Review of Quantitative Finance and Accounting, 10 (1998): 193–206
© 1998 Kluwer Academic Publishers, Boston. Manufactured in The Netherlands.
Common Stochastic Trends Among Asian Currencies:
Evidence for Japan, Aseans, and the Asian Tigers
The Edward J. and Louise E. Mellen Chair in Finance, John Carroll University, Cleveland, Ohio 44118
School of Business Administration, Wayne State University, Detroit, MI 48202
Abstract. This study documents that daily changes in Asian exchange rates are signiﬁcantly non-normal,
serially correlated, non-stationary, and have unit roots. Further, accounting for these time series properties and
using a longer time horizon than other similar studies of exchange rates, this study also documents cointegration
between the Japanese Yen and two sets of Asian currencies, i.e., currencies of the ‘Tigers’, Hong Kong, South
Korea, Singapore, and Taiwan; and currencies of the ASEANs, Malaysia, Philippines, Thailand, and Singapore.
These ﬁndings of cointegration among Asian exchange rates are in contrast to the ﬁndings for the major
currencies, and are evidence of nascent Yen blocs in Asia. The results presented here have important implications
for understanding Asian ﬁnancial integration and the international role of the Japanese yen and should be useful
for developing asset allocation, currency overlay, value at risk (VAR), and hedging strategies for investments in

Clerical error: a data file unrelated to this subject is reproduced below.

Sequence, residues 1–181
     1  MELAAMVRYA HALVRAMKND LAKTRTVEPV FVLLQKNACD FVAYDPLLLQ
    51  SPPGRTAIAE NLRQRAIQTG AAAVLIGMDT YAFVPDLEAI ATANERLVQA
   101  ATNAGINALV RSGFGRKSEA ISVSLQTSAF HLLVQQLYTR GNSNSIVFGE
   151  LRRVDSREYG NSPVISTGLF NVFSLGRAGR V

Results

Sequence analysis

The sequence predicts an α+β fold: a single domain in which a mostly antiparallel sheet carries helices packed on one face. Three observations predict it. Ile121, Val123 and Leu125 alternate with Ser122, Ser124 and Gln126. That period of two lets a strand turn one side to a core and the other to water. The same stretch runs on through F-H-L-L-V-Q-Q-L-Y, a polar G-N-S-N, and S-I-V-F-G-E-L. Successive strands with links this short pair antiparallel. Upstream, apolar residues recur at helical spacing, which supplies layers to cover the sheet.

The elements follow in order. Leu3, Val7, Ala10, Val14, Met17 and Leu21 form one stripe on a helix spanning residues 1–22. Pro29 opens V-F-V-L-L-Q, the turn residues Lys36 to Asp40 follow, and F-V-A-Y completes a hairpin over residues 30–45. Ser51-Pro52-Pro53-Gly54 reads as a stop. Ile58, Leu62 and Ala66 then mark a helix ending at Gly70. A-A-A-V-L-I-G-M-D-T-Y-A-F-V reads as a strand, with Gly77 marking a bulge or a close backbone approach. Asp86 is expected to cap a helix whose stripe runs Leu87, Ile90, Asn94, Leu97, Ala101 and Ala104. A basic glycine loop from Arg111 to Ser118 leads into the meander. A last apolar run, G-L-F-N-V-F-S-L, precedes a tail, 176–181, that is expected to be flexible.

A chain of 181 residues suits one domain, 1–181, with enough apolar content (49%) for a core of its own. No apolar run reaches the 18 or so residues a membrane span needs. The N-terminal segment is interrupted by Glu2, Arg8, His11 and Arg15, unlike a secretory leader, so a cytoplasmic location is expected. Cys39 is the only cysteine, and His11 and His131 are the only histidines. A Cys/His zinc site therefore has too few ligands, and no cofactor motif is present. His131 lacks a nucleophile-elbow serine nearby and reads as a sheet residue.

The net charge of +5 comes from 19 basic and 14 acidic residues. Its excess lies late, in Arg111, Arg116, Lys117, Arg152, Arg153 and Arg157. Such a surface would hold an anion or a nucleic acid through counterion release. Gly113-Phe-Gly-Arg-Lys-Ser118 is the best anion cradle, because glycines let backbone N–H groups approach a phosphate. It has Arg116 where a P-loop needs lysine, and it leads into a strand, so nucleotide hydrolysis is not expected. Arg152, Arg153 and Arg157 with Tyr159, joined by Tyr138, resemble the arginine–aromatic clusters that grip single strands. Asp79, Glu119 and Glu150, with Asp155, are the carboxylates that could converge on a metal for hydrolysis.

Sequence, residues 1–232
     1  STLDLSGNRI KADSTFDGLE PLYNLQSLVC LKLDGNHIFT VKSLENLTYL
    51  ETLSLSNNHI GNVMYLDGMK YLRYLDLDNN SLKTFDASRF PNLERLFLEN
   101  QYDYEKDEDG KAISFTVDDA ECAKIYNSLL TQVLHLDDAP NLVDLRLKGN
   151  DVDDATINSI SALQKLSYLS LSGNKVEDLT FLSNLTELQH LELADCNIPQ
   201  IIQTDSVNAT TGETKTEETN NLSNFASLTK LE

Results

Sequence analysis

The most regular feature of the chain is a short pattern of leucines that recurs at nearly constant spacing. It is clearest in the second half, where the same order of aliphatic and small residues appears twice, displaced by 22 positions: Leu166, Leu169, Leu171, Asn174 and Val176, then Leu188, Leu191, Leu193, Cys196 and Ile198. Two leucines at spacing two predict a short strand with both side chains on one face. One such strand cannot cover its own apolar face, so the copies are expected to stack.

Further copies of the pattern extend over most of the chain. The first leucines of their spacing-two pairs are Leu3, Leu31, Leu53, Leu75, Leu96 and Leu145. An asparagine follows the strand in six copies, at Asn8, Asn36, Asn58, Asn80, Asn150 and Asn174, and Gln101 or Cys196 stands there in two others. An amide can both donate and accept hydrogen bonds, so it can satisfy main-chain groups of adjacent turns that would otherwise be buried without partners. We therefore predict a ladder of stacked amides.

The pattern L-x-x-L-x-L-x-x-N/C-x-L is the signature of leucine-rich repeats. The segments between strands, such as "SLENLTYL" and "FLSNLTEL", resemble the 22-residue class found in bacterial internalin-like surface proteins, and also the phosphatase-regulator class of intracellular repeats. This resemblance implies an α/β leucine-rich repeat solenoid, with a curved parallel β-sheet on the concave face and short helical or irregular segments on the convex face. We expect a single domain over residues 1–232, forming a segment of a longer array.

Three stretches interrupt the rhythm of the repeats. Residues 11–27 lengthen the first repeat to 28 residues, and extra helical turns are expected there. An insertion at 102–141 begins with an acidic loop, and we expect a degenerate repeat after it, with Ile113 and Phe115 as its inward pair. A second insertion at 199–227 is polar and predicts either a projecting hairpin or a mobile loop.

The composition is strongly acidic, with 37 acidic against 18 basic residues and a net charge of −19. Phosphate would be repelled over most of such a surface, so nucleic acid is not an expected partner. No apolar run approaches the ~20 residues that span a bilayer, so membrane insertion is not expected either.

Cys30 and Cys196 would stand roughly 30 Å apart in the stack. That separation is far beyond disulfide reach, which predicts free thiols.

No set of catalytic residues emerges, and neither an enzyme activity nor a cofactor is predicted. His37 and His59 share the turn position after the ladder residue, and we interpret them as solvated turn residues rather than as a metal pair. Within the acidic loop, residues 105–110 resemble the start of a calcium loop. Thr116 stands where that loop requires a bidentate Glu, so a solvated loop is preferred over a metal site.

these often illiquid Asian currencies.
JEL Classiﬁcation: F15; F31; or F36
There is much interest in trade and currency blocs and in the impact of increasing
Japanese trade and investment in Asia [e.g., Sato et al, (1994); Frankel and Kahler, (1993)]
and it has been contended that Japanese foreign direct investment is particularly trade
enhancing (Kojima, 1985; Lii, 1994). There has also been much interest in relationships
between exchange rates [e.g., Baillie and Bollerslev, (1994); Diebold et al, (1994); Hakkio
and Rush, (1991)]. As Asia accounts for an increasingly higher proportion of the global
economy and ﬁnancial markets, Asian currency movements are ever more likely to have
contagion effects elsewhere in the world. Thus, it is important to understand the stochastic
properties and international relationships of Asian currencies.
However, prior research on stochastic properties and cointegration of currencies has
focused on the currencies of the major industrial nations and evidence of such cointegra-
tion is at best mixed. Baillie and Bollerslev (1994) review much of this research and note
the need for examining cointegration for longer periods. In spite of the sharply rising
importance of Asia in world trade and investment, there has been relatively little similar
work, or even work related to their stochastic properties, for the currencies of the emerg-
ing Asian markets.
While there are some moves towards deregulation, many Asian cur-
@ats-ss3/data11/kluwer/journals/requ/v10n2art4 COMPOSED: 01/13/98 2:44 pm. PG.POS. 1 SESSION: 12